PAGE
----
National Aviary recently introduced a new penguin chick, named Marge. They waited until they had determined the gender of the baby.
The gender was determined through a DNA feather test. The test took several months because there is no way to tell an African Penguin chick’s gender visually. Hence, the Zookeepers had to wait until Marge grew out her juvenile feathers.
The Aviary in Pittsburgh issued a Press Release saying, “Generous donor, board member and friend of the National Aviary, Rich Caruso, named the penguin, now known as Marge, in honor of his mother.”
In an interview with the Aviary, Caruso said, “I am happy to work with the National Aviary and to name their new African Penguin chick in honor of my mother, Margaret Caruso.”
Marge is the eleventh African Penguin to hatch at the National Aviary. Furthermore, the chick was the first to hatch to parents Buddy and Holly. Being almost three months old, Marge is nearing her full adult size.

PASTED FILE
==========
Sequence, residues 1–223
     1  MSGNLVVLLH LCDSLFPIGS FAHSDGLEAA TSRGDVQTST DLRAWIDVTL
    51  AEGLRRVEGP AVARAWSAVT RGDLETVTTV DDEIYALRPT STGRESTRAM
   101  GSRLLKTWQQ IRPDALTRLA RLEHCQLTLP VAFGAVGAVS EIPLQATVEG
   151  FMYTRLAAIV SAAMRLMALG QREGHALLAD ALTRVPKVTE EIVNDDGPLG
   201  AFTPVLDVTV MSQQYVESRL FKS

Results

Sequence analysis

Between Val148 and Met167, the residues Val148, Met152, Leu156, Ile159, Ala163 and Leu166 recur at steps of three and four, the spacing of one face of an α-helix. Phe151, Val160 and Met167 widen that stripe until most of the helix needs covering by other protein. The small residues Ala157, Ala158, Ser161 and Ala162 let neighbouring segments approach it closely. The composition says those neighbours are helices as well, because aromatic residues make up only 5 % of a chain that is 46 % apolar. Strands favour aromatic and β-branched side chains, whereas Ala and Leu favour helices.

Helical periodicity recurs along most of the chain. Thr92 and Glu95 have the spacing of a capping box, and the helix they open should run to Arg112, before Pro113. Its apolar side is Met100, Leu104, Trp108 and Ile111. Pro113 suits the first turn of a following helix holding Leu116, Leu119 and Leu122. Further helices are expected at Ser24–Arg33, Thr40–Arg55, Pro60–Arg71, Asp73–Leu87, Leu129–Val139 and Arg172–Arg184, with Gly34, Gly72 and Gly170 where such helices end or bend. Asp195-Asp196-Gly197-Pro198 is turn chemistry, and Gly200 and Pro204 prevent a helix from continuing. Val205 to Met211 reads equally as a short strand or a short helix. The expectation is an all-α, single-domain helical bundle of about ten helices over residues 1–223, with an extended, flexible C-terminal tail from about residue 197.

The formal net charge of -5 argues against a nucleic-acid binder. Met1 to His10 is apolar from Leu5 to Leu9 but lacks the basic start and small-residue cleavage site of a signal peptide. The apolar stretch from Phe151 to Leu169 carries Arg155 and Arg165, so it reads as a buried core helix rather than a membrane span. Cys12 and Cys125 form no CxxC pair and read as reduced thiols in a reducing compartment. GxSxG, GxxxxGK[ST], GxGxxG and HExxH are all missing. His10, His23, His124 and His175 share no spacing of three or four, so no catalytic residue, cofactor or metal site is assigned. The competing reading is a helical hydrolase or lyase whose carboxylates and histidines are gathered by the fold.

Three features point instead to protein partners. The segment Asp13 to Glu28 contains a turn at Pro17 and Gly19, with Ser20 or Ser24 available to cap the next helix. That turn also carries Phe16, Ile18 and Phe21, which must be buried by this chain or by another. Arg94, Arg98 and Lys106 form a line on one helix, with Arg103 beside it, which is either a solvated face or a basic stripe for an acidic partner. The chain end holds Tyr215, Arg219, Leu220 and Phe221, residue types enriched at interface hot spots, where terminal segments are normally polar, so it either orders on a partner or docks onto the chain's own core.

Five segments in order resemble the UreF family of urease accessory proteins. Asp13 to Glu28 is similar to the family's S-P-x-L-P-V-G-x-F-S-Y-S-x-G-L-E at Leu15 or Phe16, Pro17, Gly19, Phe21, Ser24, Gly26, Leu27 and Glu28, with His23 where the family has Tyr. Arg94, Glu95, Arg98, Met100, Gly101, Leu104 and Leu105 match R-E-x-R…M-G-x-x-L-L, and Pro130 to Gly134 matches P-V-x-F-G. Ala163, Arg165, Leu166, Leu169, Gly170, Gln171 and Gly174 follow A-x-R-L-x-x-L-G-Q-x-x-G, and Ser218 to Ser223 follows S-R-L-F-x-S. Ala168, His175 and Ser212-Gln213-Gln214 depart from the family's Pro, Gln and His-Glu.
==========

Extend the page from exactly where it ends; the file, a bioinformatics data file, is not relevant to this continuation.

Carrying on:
In a video posted on YouTube, the National Aviary shows the journey Marge has tread through these past couple of months!
Currently, “there are only 13,000 pairs of African Penguins in the wild”, said the National Aviary. Moreover, their population has experienced an immense decline in the past few years. Consequently, they have been declared endangered.
The National Aviary is also a part of the Species Survival Plan for African Penguins. The program works to enhance the conservation efforts of endangered species. The association of Zoos and Aquariums set it up.
For a short while, visitors may be able to see Marge. As per the National Aviary, she will make appearances in the Avian Care Center window. The timing would be from 12:30 – 2:00 p.m. every day.